(Photo by Nana Kofi Acquah. He says of photo “Women buy freshly caught fish on the shores of Kokrobite”)
It hit me suddenly, several months ago, that I was tired of speaking English. Then last week, in a telephone conversation with a colleague, I unconsciously switched from English to Fanti. This kind and patient friend endured my switch for at least two minutes and then reminded me that she doesn’t speak nor understand Fanti, she speaks Ga! I apologized, she laughed it off, and we both agreed that I could learn Ga. I was horrified, for I reject forcefully the notion of forcing Fanti on other Ghanaians who don’t speak my language.
Nonetheless, the practice of peppering my English with Fanti words continues unabated and the Fanti words are increasing in numbers and frequency. I feel at home in Fanti but operate largely in English. The irony. I’m also anxious about the state of language in Ghana. How we speak our Ghanaian languages, how majority of formally-educated parents discourage our children from speaking Ghanaian languages, how poorly we teach English (the official language) in most of our public schools, etc.
Today is World Poetry Day, declared by the United Nations in 1999. The UN has days for everything. Yesterday was International Day of Happiness. Coincidentally, I woke up cheerful yesterday. Who knew? maybe the UN is on to something. Anyway, we can’t have enough days, weeks, months and years dedicated to the reading and writing of poems.
I’m celebrating the day with poems about language; forgetting it, losing it, loving it, worshiping it. As I said, I’m anxious and I have issues. You’ve been warned. I’ll post poems by Ama Ata Aidoo, WS Merwin and Czelsaw Milosz among others. I hope you enjoy at least one of the poems.
Other celebrations: UNESCO Director-General has posted a World Poetry Day message and I will be attending a poetry reading at the Goethe-Institut in Accra.
Kicking off with a poem by Ama Ata Aidoo:
– for Anna Rutherford
I bolted from
my eyes smarting with
at how too willingly and sheepishly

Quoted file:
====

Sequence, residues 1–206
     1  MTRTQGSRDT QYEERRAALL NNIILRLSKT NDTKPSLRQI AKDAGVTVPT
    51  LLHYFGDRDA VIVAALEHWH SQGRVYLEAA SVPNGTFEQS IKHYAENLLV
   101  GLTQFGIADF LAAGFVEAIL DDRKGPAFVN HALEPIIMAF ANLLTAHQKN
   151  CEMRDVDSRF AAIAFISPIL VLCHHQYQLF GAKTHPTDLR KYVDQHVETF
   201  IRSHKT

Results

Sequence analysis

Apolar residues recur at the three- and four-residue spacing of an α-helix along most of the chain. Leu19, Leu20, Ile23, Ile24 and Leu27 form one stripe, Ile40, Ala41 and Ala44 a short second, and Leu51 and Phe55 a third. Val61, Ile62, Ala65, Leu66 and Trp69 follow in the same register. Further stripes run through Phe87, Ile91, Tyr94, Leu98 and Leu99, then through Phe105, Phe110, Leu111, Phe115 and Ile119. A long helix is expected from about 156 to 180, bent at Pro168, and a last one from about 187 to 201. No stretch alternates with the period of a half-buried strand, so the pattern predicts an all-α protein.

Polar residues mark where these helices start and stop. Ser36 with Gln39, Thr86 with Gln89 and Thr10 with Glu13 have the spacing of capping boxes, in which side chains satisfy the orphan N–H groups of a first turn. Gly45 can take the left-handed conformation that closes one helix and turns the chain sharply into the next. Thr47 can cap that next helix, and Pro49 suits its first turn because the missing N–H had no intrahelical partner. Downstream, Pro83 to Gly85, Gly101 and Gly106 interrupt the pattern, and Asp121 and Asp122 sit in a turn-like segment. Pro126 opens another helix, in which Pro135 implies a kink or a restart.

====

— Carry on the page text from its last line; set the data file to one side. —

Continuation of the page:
my memory had slipped up
after the loss of my taste buds.
– Just like an insecure politician creaming up
to his boss.
Familiarly in an unfamiliar land,
so strong and so sweetly strong,
the smells of the fish of
my childhood hit hard and soft,
All else fall into focus
except the names of the fish.
While from distant places in my head
The Atlantic booms and roars or
calmly creeps swishing foam on the hot sand.
But I could not remember their Fantse names.
They were labeled clearly enough
– in English –
brought no echoes…
One terrifying truth
unveiled in one short afternoon:
exile brings losses like
forgetting to remember
when next we meet,
I shall first bring you
your truthspeaker’s stone:
the names and tastes of fish are also
simple keys to unlock
secret sacred doors.
And I wail to foreign far away winds:
Daughter of My Mother and My Father’s Orphan,
what is to become of me?
And Those like me?
– by Ama Ata Aidoo
with permission from the author
[…] In all, I have featured four poems on language, the previous three are: Ama Ata Aidoo’s Homesickness, WS Merwin’s Losing a Language and Silver’s […]
ah, Kinna – what a struggle to be in.
I’m lucky in that my native language (English) is also (one of the two) official language(s) of my country (Canada). But not so lucky in that I speak only that one language.
I feel for your concern for the native languages of your home. The only native languages that Canada had is those of the indigenous peoples, and those are rarely spoken outside the reserves, and are being lost, I fear.
Perhaps small consolation, but the Canadian Aboriginals, and you, have an advantage over me in being multilingual. Maybe you could teach me a few words of Fanti?
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